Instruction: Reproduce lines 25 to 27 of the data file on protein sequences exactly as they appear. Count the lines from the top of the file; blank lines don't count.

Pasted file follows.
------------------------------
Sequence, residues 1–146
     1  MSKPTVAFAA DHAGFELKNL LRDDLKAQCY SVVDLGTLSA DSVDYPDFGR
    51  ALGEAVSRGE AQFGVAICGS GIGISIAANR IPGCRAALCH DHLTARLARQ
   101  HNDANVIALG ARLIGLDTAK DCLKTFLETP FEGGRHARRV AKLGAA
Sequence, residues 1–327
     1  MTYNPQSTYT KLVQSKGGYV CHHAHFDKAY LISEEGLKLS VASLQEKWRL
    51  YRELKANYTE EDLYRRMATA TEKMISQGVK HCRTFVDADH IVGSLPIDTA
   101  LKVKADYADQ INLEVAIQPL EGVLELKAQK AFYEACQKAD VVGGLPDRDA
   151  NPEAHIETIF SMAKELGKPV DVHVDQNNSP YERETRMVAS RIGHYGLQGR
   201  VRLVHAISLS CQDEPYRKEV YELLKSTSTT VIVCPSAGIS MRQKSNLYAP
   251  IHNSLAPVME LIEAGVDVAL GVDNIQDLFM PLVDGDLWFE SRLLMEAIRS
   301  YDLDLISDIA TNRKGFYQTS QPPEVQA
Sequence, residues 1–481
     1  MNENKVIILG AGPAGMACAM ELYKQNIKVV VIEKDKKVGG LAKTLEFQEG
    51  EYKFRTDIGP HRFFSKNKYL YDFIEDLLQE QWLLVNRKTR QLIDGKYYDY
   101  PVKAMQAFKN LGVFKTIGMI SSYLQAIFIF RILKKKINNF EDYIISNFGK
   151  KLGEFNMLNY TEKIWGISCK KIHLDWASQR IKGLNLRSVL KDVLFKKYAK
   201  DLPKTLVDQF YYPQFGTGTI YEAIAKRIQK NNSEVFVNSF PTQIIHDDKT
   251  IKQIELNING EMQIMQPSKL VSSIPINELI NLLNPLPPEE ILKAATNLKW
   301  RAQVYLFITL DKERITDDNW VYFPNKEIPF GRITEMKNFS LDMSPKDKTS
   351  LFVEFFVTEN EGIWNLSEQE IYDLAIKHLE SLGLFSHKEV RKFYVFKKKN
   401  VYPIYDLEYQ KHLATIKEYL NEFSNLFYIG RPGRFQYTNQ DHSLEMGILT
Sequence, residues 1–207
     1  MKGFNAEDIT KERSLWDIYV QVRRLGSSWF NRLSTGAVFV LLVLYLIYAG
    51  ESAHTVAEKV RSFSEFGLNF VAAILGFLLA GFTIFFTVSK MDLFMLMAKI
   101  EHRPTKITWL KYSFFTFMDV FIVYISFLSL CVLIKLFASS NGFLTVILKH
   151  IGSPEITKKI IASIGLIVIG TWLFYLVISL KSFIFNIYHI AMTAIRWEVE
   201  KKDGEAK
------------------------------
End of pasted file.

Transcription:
    51  ESAHTVAEKV RSFSEFGLNF VAAILGFLLA GFTIFFTVSK MDLFMLMAKI
   101  EHRPTKITWL KYSFFTFMDV FIVYISFLSL CVLIKLFASS NGFLTVILKH
   151  IGSPEITKKI IASIGLIVIG TWLFYLVISL KSFIFNIYHI AMTAIRWEVE